Page 10 - MIGRATION

Basic HTML Version

8
MIGRATION, MEMORY, HERITAGE: SOCIO-CULTURAL
APPROACHES TO THE BULGARIAN-TURKISH BORDER
justifying urban sites as ‘Bulgarian’, and who are indispensable in tracing the mechanisms of the
practices of recalling and retelling.
Another aspect of our analysis owes to the fact that Edirne is a regional centre and an active
party in transborder projects with Bulgaria. The town offers a range of opportunities for researching
the culture of music and dance in a broad Balkan context.
On its trips to Edirne, the team set up meetings and carried out interviews with the
representatives of a number of power-related, educational, or cultural institutions, with residents
from different generations, some of them born in Edirne, while others were settlers who had
migrated from Bulgaria. We got acquainted with the current transborder projects, and documented
the events related to Bulgarianness and to urban culture in general.
Istanbul.
Unlike Edirne, the community of settlers in Istanbul is infinitely larger,
heterogeneous and diffuse in terms of location. There is also the fact that theTurks fromBulgaria are
fluent in Bulgarian, which comes in handy with reference to fieldwork and participant observation.
We have done observations and carried out interviews in the residential areas densely populated
with target-group representatives (Ikitelli, Avcilar, and Bağcilar, and the Besyüz Evler area), in cafes
and restaurants frequented by settlers, at their offices or homes, etc. Istanbul proved a fruitful site
for researching issues such as the economic status and stratification among the Turks originating
from Bulgaria, the settlers’ attitudes and strategies with regard to education and how they compare
to the attitudes attributed to the Turkish minority in Bulgaria, the strategies employed to make the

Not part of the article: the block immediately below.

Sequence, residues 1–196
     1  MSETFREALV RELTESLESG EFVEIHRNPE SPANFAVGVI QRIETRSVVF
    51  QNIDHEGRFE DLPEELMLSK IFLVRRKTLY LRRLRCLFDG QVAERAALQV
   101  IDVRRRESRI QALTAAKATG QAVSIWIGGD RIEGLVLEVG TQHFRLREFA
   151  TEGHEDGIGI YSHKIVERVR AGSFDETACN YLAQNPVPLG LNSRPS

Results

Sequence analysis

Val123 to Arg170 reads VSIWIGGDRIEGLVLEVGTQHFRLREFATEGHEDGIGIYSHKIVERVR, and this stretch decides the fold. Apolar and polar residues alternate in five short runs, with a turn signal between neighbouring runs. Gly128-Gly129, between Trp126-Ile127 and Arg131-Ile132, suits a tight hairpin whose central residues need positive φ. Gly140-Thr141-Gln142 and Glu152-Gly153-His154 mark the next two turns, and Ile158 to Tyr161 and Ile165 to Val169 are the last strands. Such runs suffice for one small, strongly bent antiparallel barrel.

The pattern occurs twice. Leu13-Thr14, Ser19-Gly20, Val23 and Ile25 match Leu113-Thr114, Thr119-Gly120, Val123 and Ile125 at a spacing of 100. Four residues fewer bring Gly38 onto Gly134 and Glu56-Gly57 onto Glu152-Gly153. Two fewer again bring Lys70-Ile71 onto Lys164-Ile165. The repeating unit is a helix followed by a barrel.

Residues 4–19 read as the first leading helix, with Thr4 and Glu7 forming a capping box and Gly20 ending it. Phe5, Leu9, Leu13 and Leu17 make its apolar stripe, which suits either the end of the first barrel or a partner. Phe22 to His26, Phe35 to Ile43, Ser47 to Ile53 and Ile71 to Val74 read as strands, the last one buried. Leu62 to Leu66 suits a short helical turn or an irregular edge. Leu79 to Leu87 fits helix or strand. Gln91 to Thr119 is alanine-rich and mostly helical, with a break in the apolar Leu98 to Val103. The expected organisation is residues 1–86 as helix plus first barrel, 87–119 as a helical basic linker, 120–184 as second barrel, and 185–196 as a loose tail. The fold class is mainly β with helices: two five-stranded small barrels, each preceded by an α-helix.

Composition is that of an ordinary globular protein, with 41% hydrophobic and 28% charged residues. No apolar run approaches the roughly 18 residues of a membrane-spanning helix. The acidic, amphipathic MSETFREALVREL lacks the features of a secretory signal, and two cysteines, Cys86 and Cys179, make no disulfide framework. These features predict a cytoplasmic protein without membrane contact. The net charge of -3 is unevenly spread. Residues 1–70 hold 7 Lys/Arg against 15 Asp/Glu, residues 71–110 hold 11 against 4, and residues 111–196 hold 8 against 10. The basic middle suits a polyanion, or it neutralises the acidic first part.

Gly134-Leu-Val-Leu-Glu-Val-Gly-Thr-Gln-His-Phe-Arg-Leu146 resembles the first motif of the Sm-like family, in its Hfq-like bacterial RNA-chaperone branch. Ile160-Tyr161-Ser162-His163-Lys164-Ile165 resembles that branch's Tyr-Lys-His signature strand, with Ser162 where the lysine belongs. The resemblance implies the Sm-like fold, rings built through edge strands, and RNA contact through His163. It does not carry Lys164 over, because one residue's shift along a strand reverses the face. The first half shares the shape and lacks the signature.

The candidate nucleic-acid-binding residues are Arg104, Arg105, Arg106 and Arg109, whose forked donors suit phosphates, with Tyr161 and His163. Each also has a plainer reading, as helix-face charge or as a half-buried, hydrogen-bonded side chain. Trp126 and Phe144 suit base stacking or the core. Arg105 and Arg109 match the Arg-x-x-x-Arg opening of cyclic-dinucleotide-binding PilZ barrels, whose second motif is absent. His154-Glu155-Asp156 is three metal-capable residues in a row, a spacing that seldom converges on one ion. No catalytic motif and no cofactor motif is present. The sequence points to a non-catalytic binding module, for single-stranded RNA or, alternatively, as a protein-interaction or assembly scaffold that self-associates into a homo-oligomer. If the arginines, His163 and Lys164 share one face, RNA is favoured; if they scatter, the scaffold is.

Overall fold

most of the differences in the social security systems in Bulgaria and inTurkey, the relations between
the settlers and the Bulgarian community in Istanbul, etc.
We have done fieldwork observations based on three homeland-bound trips of refugees
from Eastern and Western Thrace who have settled in Turkey and Greece. These trips gave us the
opportunity to analyse their role in maintaining cultural memory and identity, in establishing
and reinforcing social networks, in acquiring and transmitting family-tree knowledge, etc. These
expeditions ‘tracing back the steps of our forefathers’ provide valuable information on the symbolic
appropriation of spaces on the other side of the border.
Bulgarian fieldwork sites
. These are the settlements where one can find representatives
of the two target groups (Haskovo, Kirdzhali, and Zavet), or else which are inhabited densely by the
descendants of refugees from Eastern and Western Thrace (Svilengrad, Madzharovo, the Tsarevo
municipality, Atolovo, Yambol region, Ivaylovgrad, and Svilengrad). We have also worked in the
places that participate actively in projects on transborder cultural cooperation with Edirne, namely
Yambol and Elhovo, and in those involved in the national fests and competitions annually bringing
together people from the Thrace region: Aheloy, Stara Zagora – the Stara Zagora mineral baths,
Burgas – Petrova niva, Ivaylovgrad – Ilieva niva, Varna. We have regularly observed and documented
events organised by the Union of Thracian societies in Sofia. The choice of fieldwork sites has been
made with reference to our research objectives. Zavet offered the opportunity to do observations
on the topic of turning a relatively closed rural community into a structure open to the big cities
and foreign countries. Migration of the Zavet type has been singled out as local people’s significant
economic strategy and an exemplar of achievement in life for the younger generation, as well as
a catalyst of the processes of categorizing the urban population according to their ethnicity and